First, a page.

A portion of this was originally published on my blog The Forks Poems.
It’s true that the dark days can make us appreciate the bright ones more. When the clouds clear and the sun makes a sudden, stunning appearance painting the sky in an impossible play of colors, the gratitude I feel is overwhelmingly blissful.
Gratitude changes everything.
But I have gratitude, too for the dark days. The days when a different set of eyes allows me to see the play as the clouds pass over the sky, in as many shades of grey as there are colors in a bright sunset. Oh there is beauty and magic in that play too.
…[H]ere is the work of patience: to be ready for the world to slit us, the full length of us, opening our hearts with the pellucid attention that is the watchfulness of the heron in the cove at the end of the day, when wood smoke slides onto the rising tide and slanting rain pocks the water. This patience is the birth of gratitude. pg 109
I found this to resonate with such truth. The US has just celebrated Thanksgiving (which I abstain from, as I do not celebrate the colonialist and genocidal roots of the day) and expressions of gratitude have filled our tables and our media. But what is this gratitude that comes around once per year, expressed when so many people are sitting around incredible bounty that, for the most part, they are disconnected from?
Gratitude is relational; it’s opening is found through our connection with others, be they human, plant, animal, or spirit. In our willingness to open ourselves to the experience of being in relation with the world and all of its joy and sorrow, we open ourselves to the experience of deep gratitude. It requires steadfastness, attention, and patience as the world goes by, not to be swept away by its tidal pulls. Gratitude is not appreciation as someone spoons another helping onto our plate. Though it is a building block of gratitude, appreciation so often begins in entitlement and passes as quickly as the spoon to our mouths.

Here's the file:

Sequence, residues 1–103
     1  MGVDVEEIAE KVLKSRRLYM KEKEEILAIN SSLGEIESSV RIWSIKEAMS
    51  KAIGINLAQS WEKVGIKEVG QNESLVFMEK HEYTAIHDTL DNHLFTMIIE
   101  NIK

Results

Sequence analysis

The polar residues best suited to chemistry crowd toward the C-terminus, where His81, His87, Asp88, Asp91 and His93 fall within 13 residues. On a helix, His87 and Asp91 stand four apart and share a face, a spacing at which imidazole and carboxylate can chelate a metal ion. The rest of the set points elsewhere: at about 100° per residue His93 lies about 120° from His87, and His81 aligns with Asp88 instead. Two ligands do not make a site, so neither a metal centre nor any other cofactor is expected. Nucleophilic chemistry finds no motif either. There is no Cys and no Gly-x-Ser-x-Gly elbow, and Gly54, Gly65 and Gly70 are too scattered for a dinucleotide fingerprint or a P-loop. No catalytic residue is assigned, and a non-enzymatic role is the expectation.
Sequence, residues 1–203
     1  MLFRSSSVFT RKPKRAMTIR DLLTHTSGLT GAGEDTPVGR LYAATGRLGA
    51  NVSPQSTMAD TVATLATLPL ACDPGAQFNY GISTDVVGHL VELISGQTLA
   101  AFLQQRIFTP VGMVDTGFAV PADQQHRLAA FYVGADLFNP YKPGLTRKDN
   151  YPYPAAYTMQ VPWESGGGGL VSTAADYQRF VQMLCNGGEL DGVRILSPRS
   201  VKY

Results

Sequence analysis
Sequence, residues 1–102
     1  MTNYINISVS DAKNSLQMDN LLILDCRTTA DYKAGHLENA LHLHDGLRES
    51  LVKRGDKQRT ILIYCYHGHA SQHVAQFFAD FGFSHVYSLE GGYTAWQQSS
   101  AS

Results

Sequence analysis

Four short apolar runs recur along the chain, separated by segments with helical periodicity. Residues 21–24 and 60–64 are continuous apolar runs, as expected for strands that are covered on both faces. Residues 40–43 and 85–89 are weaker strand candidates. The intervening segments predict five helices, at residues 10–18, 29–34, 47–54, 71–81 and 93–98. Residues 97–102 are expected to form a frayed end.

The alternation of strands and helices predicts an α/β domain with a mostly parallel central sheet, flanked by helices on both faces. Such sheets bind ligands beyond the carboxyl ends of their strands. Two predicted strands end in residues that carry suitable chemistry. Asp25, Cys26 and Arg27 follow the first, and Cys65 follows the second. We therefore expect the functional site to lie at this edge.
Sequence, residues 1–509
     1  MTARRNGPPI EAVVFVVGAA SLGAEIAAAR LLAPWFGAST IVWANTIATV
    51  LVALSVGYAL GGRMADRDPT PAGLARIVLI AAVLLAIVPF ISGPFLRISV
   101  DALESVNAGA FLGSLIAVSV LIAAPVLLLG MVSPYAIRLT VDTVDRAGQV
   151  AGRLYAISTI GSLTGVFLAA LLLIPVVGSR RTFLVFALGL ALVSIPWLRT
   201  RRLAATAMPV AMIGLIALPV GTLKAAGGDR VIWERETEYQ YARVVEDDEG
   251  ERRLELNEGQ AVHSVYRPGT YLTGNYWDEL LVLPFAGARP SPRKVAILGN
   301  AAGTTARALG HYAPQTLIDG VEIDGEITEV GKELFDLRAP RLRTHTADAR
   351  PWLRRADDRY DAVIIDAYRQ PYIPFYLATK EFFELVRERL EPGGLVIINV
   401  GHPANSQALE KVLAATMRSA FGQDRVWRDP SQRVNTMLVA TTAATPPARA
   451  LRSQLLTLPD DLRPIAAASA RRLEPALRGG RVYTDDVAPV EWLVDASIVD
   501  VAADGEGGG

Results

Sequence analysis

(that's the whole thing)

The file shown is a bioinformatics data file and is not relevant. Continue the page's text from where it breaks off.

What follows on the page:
The day that I took this photo, I realized that I had gone over a week without talking to or seeing a (incarnate) human being, but I was very much ok with that. I had spent the week settling into my new home, getting to know the Place and patiently watching the storm clouds roll in and pass away. I was missing the Place that I had come from (by which I mean the plants and spirits) but feeling very joyful to get to know new ones. My heart was opening into deep gratitude.
In that space, I put my very excited dog into the car and went to check out the State Park down the road. I quickly realized it was primarily a campground and there didn’t appear to be much hiking but decided to wander around, noticing the trees and variety of mosses in a small area. As I wandered I ran into the campground host who was also out for a walk with her dog. The pups made quick friends and she warmly invited me to join her on their walk. She took me to a trail I never would have found on my own and we talked about mosses and how many ferns can grow on a tree and how creeks each have their own individual sound. Giving me more tips on hiking in the area, she invited me to her church and to come back to hike with her anytime. In accepting this offering of connection from her, I left full of gratitude.
From there I drove up the hill over a gravel road through logging land, and as I rounded a curve the trees sparkled as the sun dipped beneath the clouds and the sky started to clear. I gasped with surprise and delight and my heart burst open. The joy I felt in this moment, after days of patience and the offering of my attention to the world, was indescribable. Then it clicked: it was my gratitude, the gratitude that I have held on to through all of the trials I have endured, that was the key. It was the key to my grief and sorrow and my bliss and joy.
If we open to it gratitude has the power to slit us from stern to bow, to show us the power of connection and relation – even in our sorrow.